U.S. led forces claimed on Friday that Islamic hard-liners are entering Iraq from neighboring Iran. Meanwhile, the commander of U.S. ground forces in Iraq says the war is not over and that more ground forces may be deployed, this following a series of attacks on U.S. troops. Brian Purchia has the latest.
Lt. General James Conway, commander of the First Marine Expeditionary Force in Iraq, said in a videoconference, Friday, that about a thousand Iraqi exiles have entered Iraq from Iran since Saddam’s regime fell.
LT. GEN. JAMES CONWAY, COMMANDER, FIRST MARINE EXPEDITIONARY FORCE
“There are Iraqis who have spent time in Iran who are now coming home who are a political presence. I think their beliefs are basically fundamental beliefs.”
But he also says they have done nothing yet that in his view poses a threat.
Meanwhile, the Pentagon is re-considering its ground strategy after a number of attacks on U.S. forces in the past week. The Army's 3rd Infantry Division, which was to be sent home, may now be re-deployed to guard against more assaults. The commanding officer of American troops, General David McKiernan, says these attacks are not random incidents.
GEN. DAVID MCKIERNAN, U.S. COMMANDER OF GROUND FORCES IN IRAQ
“I see it being perpetrated by enemies whose future is gone, they were part of Saddam Hussein's regime, they were tied to him.”
Pentagon officials this week have been less than certain in their predictions that weapons of mass destruction will be found in Iraq. U.S. Secretary of Defense, Donald Rumsfeld:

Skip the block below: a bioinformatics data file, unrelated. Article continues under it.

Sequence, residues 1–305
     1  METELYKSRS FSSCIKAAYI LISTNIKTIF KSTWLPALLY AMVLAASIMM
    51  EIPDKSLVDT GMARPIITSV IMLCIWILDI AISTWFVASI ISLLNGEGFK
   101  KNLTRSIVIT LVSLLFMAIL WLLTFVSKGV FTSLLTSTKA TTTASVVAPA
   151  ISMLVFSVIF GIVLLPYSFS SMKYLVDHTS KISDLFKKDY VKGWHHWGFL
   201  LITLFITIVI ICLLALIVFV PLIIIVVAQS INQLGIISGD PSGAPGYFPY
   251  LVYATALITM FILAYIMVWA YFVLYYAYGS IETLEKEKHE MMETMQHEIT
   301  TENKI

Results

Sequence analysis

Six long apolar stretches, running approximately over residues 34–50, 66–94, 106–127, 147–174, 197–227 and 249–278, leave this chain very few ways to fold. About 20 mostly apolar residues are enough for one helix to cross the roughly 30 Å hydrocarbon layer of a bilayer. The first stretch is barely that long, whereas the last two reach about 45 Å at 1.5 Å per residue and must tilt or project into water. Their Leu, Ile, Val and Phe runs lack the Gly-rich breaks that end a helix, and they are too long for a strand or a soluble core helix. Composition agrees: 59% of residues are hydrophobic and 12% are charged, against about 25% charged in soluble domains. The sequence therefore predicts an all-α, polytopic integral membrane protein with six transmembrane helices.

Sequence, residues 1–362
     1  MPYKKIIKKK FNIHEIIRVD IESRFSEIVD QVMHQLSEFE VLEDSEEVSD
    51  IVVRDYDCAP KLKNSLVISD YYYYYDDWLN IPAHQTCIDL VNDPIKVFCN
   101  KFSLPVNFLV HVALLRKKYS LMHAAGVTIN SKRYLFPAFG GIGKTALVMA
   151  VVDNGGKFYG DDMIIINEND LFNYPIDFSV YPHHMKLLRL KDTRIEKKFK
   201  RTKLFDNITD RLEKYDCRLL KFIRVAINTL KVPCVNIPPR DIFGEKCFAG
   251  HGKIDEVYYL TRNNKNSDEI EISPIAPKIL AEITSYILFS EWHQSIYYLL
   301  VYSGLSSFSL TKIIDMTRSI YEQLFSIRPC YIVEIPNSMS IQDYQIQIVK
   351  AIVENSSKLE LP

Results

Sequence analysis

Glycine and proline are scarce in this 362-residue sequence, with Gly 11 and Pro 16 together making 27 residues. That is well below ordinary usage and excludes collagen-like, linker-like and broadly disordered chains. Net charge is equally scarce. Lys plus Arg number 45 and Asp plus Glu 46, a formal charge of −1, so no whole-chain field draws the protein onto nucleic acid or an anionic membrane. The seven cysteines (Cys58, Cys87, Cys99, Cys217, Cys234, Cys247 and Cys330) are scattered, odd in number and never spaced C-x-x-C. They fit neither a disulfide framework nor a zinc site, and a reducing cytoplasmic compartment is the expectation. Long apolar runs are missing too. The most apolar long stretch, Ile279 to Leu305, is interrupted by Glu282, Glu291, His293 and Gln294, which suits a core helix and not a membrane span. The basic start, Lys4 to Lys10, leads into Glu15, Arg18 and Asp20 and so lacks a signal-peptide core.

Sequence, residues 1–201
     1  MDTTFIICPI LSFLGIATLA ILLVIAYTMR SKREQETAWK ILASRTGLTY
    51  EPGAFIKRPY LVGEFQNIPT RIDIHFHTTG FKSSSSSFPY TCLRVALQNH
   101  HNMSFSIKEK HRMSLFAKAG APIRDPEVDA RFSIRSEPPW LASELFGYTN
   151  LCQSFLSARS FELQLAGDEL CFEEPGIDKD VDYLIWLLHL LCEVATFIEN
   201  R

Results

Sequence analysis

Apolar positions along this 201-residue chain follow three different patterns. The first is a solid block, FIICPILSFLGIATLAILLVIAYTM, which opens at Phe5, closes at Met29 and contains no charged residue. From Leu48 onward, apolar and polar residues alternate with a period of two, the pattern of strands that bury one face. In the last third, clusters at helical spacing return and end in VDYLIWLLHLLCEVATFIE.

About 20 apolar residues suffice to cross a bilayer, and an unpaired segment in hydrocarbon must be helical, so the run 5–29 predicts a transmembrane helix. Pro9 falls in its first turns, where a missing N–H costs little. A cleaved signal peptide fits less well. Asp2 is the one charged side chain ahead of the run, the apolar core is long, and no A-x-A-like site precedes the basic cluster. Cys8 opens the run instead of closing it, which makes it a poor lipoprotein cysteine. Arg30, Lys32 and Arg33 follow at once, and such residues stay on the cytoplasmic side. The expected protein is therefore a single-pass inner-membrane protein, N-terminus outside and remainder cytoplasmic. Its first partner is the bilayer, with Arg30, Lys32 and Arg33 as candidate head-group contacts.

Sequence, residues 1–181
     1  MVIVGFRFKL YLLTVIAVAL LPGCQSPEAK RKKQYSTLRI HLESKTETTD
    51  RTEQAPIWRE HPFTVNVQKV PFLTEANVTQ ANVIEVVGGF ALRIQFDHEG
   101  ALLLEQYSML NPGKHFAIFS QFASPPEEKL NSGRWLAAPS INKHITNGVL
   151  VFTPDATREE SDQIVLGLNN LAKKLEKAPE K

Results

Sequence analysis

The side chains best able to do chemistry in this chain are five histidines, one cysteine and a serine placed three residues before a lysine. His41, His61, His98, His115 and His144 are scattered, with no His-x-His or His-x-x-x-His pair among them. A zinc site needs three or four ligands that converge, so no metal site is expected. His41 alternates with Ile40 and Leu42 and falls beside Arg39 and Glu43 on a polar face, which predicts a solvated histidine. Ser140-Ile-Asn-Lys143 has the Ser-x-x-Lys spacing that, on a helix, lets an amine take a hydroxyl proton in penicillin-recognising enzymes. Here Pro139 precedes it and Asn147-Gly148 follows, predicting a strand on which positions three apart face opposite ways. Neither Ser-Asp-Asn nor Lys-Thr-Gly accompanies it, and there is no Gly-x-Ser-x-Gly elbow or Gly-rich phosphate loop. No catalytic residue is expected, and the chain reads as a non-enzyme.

DONALD RUMSFELD, U.S. SECRETARY OF DEFENSE
“It is also possible that they decided they would destroy them prior to a conflict.”
But British Prime Minister Tony Blair on Friday, a day after visiting Iraq, says evidence of banned weapons would be found. He told critics to have patience.
TONY BLAIR, BRITISH PRIME MINISTER
“That evidence will be found and I have absolutely no doubt it exists.”
Reports have surfaced in Britain citing unnamed intelligence officials that intelligence officers were asked to embellish reports about Iraqi weapons by the British government. Mr. Blair called these reports - in his words - “completely absurd.”
In Baghdad a group of Iraqi artists, actors and students unveiled a new statue on Thursday. The new sculpture replaces the large bronze Saddam Hussein statue, which was torn down by Iraqis and U.S. troops at the end of the war.